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Determining visitor value
So the first thing that you need to do when you begin considering PPC strategies is to determine
how much each web-site visitor is worth to you. It’s important to know this number, because other-
wise you could find yourself paying far too much for keyword advertising that doesn’t bring the traf-
fic or conversions that you’d expect. For example, if it costs you \$25 to gain a conversion (or sale)
but the value of that conversion is only \$15, then you’re losing a lot of money. You can’t afford that
kind of expenditure for very long.
To determine the value of each web-site visitor, you’ll need to have some historical data about the
number of visitors to your site in a given amount of time (say a month) and the actual sales num-
bers (or profit) for that same time period. This is where it’s good to have some kind of web metrics
program to keep track of your site statistics. Divide the profit by the number of visitors for the same
time frame, and the result should tell you (approximately) what each visitor is worth.
Say that during December, your site cleared \$2,500. (In this admittedly simplified example, we’re
ignoring various things you might have to figure into an actual profit and loss statement.) Let’s also
say that during the same month, 15,000 visitors came to your site. Note that this number is for all
the visitors to your site, not just the ones who made a purchase. You divide your \$2,500 profit by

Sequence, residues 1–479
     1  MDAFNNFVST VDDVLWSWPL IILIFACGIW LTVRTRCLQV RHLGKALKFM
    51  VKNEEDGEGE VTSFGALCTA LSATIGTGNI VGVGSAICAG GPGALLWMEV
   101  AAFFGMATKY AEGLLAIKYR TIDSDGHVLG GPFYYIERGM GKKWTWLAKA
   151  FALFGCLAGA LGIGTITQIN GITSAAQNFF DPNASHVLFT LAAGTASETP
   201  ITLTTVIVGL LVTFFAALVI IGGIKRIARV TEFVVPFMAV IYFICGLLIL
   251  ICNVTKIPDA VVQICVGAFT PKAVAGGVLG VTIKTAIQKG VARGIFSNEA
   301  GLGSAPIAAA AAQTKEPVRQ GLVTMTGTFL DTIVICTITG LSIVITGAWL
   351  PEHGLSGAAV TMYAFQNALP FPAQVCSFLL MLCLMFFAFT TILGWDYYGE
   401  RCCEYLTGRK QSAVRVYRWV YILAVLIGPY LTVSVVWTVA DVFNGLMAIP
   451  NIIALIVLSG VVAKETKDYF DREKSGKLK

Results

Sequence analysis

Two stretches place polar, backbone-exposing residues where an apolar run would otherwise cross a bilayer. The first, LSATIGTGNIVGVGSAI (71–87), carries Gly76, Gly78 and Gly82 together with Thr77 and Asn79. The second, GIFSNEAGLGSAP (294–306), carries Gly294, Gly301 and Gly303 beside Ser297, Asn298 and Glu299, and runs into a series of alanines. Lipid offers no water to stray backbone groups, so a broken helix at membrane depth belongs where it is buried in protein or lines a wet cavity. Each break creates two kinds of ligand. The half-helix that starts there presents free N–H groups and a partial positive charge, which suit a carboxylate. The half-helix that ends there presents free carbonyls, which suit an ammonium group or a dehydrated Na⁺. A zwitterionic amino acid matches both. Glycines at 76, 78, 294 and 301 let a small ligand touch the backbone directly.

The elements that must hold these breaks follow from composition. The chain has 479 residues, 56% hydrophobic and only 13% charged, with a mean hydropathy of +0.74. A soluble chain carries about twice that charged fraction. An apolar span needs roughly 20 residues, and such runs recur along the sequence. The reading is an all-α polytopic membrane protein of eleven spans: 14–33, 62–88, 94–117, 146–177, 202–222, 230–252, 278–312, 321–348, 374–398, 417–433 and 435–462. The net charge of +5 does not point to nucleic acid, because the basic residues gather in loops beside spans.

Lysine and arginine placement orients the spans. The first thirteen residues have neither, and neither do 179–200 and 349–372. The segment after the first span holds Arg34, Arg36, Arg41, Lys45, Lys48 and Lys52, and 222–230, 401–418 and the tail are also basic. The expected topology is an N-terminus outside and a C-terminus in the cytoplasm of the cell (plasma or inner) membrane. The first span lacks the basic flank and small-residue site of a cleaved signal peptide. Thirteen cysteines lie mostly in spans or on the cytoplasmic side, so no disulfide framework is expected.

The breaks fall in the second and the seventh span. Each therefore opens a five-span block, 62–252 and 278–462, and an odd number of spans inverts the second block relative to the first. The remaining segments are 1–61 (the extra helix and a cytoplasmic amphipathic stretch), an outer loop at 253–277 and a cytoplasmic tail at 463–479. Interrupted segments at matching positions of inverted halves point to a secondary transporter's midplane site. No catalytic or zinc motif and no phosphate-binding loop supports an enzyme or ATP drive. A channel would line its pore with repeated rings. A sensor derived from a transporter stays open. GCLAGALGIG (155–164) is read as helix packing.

all visitors, purchasers or not, because this gives you an accurate average value of every visitor to
your site. Not every visitor is going to make a purchase, but you have to go through a number of
non-purchasing visitors to get to those who will purchase.
Back to the formula for the value of a visitor. Divide the site profit for December (\$2,500) by the
number of visitors (15,000) and the value of your visitors is approximately \$.17 per visitor. Note
that I’ve said approximately, because during any given month (or whatever time frame you choose)
the number of visitors and the amount of profit will vary. The way you slice the time can change
your average visitor value by a few cents to a few dollars, depending on your site traffic. (Also note
that the example is based on the value of all visitors, not of conversions, which might be a more valid
real-life way of calculating the value of individual visitors. But this example is simply to demonstrate
the principle.)
The number you got for visitor value is a sort of breakeven point. It means you can spend up to
\$.17 per visitor on keywords or other promotions without losing money. But if you’re spending
more than that without increasing sales and profits, you’re going in the hole. It’s not good business
to spend everything you make (or more) to draw visitors to the site. But note the preceding itali-
cized words. If a \$.25 keyword can raise your sales and profits dramatically, then it may be worth
buying that word. In this oversimplified example, you need to decide how much you can realisti-
cally spend on keywords or other promotions. Maybe you feel a particular keyword is powerful
enough that you can spend \$.12 per click for it, and raise your sales and visitor value substantially.
You have to decide what profit margin you want and what promotions are likely to provide it. As
you can see, there are a number of variables. Real life is dynamic, and eludes static examples. But
whatever you decide, you shouldn’t spend everything you make on PPC programs. There are far
too many other things that you need to invest in.
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SEO Strategies
Part II
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